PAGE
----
Indigenous Development and Self-Determination in West Papua: A Case Study of the Socio-Political and Economic Impacts of Mining upon the Amungme and Kamoro Communities of West Papua.
Hisada, T. (2007). Indigenous Development and Self-Determination in West Papua: A Case Study of the Socio-Political and Economic Impacts of Mining upon the Amungme and Kamoro Communities of West Papua. (Thesis, Master of Arts (MA)). The University of Waikato, Hamilton, New Zealand. Retrieved from https://hdl.handle.net/10289/2457
Permanent Research Commons link: https://hdl.handle.net/10289/2457
Since West Papua was colonized by Indonesia in 1963, West Papuans have endured one of the most disastrous experiences of cultural andenvironmental destruction, human rights abuses and mass killing of the twentieth century. In the Western Highlands of West Papua, whereFreeport McMoRan, a mining company fromLouisiana, United States (U.S.), operates, therehave been long-standing disputes over environmental justice, human rights, the rightto control development, and wealthdistribution. Substantial research has been done on the negative impacts of the Freeport's operation on the Amungme and Kamoro communities who reside in the company's operating area. Yet, limitedresearch has been done regarding Freeport's social policies and the possible solutions to the issues which are crucial for the further development of Amungme and Kamoro. Therefore, the thesis firstly examines Freeport's recent social policies which have attempted to address the two communities' concerns as well as the social problems the company has caused around its operating area. The examination suggests that genuine reconciliation between Amungme and Kamoro communities and Freeport is a crucial next step in achieving successful community development in the area. The thesis employs a case study of the South African reconciliation processes via Truth and Reconciliation Commission (TRC) to explore the prospects of achieving successful community development in Freeport's operating area of West Papua which might lead to prosperity for the Amungme and Kamoro peoples. In addition to this, the prospect ofpreventing the human rights violations by the Indonesian Military (Tentera Nasional Indonesia-TNI) is considered. The TNI, by carrying out the role of protecting the Freeport operation, has until today committed a large number of human rights violations against indigenous West Papuans around the mine thus preventing and inhibiting the future development of Amungme and Kamoro communities. Since major countries, including the U.S., the United Kingdom (UK), New Zealand and Australia, have until today,supported the Indonesia state and the TNI, the attitude of Pacific Island states towards the issue is examined. Finally, although the above processes are important, the study suggests the more important role of the Amungme and Kamoro themselves in taking responsibility for their plight and taking positive actions wherever possible to solve the issues surrounding them. Although the conflict continues to the present day, the research contained in the thesis outlines the situation in West Papua only up until November 2006.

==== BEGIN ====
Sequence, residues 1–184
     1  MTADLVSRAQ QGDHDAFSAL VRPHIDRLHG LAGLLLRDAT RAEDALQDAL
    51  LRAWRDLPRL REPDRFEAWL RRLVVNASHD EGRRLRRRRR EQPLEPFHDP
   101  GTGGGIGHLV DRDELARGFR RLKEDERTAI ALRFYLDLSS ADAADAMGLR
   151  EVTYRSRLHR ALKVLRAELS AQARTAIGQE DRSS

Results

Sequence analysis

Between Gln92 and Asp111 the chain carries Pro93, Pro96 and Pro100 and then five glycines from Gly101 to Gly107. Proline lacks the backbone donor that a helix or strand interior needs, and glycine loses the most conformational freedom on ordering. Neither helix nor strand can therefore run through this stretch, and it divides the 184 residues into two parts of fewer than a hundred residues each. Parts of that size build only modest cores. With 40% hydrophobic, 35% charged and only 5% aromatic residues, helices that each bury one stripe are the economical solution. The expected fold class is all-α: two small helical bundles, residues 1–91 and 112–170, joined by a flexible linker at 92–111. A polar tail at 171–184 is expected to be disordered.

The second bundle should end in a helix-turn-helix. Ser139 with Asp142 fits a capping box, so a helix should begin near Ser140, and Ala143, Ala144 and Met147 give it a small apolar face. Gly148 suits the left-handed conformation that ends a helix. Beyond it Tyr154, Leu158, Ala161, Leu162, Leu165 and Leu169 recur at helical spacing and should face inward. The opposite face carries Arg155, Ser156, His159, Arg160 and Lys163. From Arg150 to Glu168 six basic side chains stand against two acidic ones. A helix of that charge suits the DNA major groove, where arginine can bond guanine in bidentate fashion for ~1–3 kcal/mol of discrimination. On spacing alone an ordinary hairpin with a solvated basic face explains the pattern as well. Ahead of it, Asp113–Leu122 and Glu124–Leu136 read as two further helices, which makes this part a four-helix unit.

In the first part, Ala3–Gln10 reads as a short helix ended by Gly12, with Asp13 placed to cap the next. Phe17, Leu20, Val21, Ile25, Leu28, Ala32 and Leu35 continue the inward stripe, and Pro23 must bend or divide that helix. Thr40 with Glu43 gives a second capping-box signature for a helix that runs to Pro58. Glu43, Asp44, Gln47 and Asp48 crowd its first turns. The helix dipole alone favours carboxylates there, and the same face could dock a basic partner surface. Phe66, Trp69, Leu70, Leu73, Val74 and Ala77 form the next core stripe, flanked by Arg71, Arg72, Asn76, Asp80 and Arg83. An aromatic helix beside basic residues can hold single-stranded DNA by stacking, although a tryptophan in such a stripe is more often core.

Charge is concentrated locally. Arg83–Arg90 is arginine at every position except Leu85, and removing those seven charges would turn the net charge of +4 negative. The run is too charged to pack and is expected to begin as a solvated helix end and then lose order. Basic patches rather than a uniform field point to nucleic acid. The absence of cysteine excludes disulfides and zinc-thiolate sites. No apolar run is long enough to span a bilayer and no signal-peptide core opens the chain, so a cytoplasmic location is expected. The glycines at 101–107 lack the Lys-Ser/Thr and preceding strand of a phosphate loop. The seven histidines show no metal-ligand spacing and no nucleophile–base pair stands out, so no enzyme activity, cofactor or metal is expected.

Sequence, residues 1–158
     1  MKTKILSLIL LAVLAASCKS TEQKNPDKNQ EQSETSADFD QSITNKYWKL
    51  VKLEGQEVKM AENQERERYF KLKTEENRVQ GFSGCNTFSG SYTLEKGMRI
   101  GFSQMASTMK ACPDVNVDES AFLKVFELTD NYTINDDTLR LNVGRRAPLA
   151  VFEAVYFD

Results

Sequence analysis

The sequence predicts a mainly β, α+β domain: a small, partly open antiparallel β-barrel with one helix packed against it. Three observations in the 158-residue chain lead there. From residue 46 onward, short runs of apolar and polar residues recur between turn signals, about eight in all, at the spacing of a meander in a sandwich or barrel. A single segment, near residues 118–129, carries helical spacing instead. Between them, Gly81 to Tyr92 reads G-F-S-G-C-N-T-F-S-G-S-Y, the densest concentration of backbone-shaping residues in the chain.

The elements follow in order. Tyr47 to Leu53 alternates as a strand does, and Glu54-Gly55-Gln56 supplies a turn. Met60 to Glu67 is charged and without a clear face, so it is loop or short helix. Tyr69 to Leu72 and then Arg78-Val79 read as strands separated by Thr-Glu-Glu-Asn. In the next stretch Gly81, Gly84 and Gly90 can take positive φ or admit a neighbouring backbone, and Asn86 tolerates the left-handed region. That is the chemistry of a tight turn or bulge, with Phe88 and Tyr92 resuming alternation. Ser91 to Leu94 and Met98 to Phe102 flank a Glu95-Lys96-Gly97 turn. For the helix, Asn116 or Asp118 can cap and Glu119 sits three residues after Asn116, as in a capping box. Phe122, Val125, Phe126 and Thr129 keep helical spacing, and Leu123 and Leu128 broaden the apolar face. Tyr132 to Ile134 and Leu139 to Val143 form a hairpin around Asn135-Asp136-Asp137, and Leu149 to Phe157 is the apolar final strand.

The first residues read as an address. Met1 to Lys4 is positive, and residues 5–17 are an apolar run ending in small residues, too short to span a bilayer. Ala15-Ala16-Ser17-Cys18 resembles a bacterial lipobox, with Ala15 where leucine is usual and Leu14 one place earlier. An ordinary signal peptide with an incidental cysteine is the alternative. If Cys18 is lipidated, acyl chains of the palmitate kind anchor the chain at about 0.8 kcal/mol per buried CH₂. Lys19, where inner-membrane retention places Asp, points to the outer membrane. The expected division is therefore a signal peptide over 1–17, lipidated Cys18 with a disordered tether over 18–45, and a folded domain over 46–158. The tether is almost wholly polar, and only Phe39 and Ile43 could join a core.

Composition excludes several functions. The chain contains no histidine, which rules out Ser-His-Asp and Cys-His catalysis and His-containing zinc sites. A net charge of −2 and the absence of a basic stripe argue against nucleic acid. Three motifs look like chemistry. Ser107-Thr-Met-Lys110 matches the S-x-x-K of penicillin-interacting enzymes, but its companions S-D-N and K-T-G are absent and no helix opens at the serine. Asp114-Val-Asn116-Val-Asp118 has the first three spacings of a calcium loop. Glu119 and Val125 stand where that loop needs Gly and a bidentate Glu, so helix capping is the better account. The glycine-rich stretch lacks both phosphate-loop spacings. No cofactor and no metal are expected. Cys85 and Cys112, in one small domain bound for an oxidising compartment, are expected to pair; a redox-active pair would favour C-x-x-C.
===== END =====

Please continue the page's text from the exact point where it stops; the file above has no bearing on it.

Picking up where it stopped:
The University of Waikato
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